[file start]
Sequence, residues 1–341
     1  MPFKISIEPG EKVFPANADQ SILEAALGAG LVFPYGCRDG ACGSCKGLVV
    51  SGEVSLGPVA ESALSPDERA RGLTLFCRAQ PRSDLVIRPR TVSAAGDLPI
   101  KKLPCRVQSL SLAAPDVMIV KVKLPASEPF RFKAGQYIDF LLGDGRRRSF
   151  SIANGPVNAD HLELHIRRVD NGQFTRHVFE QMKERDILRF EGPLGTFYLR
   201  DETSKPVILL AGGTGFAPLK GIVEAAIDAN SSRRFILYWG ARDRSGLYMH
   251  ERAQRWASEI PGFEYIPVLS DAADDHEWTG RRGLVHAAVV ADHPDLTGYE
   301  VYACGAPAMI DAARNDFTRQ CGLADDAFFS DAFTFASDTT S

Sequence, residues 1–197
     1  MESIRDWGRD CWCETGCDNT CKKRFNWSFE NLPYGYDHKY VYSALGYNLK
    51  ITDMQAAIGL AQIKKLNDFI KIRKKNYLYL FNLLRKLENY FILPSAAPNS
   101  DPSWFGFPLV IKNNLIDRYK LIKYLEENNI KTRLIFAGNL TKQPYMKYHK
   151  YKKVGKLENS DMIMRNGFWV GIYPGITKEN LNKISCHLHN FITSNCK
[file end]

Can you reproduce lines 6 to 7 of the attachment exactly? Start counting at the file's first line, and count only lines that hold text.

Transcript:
   201  DETSKPVILL AGGTGFAPLK GIVEAAIDAN SSRRFILYWG ARDRSGLYMH
   251  ERAQRWASEI PGFEYIPVLS DAADDHEWTG RRGLVHAAVV ADHPDLTGYE